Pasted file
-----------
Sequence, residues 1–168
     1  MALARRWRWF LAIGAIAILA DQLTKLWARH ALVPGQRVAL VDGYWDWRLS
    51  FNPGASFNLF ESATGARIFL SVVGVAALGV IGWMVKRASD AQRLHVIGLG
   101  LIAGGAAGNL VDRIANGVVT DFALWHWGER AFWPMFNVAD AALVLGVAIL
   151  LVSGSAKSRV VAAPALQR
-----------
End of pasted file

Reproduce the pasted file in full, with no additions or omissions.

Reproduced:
Sequence, residues 1–168
     1  MALARRWRWF LAIGAIAILA DQLTKLWARH ALVPGQRVAL VDGYWDWRLS
    51  FNPGASFNLF ESATGARIFL SVVGVAALGV IGWMVKRASD AQRLHVIGLG
   101  LIAGGAAGNL VDRIANGVVT DFALWHWGER AFWPMFNVAD AALVLGVAIL
   151  LVSGSAKSRV VAAPALQR